Article submitted by local author and wine enthusiast Gina Fava.
Wine aficionados know that one of the best times to travel to Italy is Fall harvest season, when ripened vineyards carpeting the countryside are bursting with bountiful production, and just-uncorked reds and whites at roadside enoteche beckon to be tasted.
But I recently discovered a different kind of wine tasting adventure, set in glorious Verona, Italy during Spring, that’s sure to please any wine lover.
“Vinitaly” gathers renowned Italian vintners eager to show off the fruits of their labor, all under one roof.
Also known as the International Wine & Spirits Exhibition, Vinitaly spreads over 95,000 square meters and showcases themed tastings of more than 4,000 exhibitors in various buildings dedicated to the official regions of Italy. Just outside the stone walls of Verona’s city proper, the exhibition complex bustles with over 150,000 annual visitors per year, since 1967.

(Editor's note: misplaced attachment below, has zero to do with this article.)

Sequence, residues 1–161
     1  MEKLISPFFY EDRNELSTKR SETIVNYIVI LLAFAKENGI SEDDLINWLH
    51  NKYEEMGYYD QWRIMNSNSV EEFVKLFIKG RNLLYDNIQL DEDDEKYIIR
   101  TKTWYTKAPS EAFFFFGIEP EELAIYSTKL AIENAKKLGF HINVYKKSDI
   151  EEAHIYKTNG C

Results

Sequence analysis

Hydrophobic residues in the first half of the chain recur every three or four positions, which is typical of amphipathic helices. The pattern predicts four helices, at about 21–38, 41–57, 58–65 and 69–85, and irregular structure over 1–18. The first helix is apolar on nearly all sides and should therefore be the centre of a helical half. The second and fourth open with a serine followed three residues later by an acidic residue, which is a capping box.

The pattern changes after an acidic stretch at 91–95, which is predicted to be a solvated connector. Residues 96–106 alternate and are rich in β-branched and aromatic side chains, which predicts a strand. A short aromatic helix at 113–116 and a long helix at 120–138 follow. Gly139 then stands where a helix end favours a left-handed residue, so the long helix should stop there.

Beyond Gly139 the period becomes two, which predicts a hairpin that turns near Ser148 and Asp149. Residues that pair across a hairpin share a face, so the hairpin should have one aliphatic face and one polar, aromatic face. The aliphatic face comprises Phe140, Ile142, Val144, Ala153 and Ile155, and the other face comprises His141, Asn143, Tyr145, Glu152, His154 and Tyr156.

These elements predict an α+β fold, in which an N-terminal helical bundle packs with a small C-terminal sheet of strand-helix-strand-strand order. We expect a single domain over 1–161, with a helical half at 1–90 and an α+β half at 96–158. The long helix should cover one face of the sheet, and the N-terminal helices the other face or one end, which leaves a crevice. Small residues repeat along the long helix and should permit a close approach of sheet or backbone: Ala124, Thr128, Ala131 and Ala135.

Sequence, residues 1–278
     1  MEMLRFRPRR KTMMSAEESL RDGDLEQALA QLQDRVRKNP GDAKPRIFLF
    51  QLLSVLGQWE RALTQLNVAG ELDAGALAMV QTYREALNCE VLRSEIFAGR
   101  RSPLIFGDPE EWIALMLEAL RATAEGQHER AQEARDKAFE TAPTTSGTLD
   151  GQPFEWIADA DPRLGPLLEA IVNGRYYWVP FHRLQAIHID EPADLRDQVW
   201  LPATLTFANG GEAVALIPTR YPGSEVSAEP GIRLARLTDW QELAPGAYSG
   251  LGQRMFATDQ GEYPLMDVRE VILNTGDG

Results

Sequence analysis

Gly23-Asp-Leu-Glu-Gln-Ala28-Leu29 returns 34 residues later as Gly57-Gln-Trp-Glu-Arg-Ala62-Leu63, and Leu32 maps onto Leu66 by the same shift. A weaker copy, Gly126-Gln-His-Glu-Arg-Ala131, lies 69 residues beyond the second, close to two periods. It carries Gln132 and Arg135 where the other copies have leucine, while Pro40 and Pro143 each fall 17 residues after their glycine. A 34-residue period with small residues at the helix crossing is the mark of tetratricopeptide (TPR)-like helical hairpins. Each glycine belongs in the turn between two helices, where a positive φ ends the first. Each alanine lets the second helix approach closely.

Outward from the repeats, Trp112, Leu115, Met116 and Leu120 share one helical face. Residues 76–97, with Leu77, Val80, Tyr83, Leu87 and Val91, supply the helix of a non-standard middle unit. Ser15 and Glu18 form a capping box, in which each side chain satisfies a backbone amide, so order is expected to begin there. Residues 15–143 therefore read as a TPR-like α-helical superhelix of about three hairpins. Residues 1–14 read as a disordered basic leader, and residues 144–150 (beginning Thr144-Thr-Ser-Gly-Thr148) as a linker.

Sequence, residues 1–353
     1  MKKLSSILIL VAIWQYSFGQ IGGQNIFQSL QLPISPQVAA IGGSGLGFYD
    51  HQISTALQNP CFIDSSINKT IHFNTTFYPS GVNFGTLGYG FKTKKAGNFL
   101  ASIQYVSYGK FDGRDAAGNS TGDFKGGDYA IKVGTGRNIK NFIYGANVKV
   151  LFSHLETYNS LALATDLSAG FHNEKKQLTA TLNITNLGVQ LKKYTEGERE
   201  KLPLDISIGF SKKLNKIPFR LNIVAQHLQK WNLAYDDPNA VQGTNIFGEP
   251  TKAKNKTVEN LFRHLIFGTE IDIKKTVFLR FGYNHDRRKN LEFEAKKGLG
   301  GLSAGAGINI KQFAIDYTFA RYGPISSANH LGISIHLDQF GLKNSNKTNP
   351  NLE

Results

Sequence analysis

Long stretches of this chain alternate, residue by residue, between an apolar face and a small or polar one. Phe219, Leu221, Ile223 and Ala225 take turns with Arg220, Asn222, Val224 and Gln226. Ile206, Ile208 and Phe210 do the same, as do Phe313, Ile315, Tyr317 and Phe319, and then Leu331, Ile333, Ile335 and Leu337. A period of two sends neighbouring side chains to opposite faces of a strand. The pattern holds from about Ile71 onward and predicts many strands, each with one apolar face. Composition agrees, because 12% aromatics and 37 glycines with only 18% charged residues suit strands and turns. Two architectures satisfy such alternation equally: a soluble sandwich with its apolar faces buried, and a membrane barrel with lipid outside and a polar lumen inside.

This past April, I accompanied my favorite wine expert (my husband Jamie, who’d been awarded the trip for his wine acumen by Horizon Beverage, a New England company) to the biggest, the oldest, and arguably the most popular wine convention on the planet.
Vinitaly is a veritable Monte Carlo Grand Prix for an array of established wine producers, a place for them to really rev their engines and show what’s under the hood. It’s also a proving ground for up and coming vintners, akin to the Indianapolis 500, where a good showing here might mean a shot for a run in the long term circuit.
For distributors and wholesalers, it’s a place to determine which wines and spirits will achieve superior pole position in a race to the finish. Also, just like a race car driver woos a sponsor, vintners clamor to woo restaurateurs, caterers, and wine store owners with their wares, while the world’s journalists and opinion leaders take note. At Vinitaly, tourists aren’t just spectators, they’re participants in the biggest wine and spirits tasting event of the year.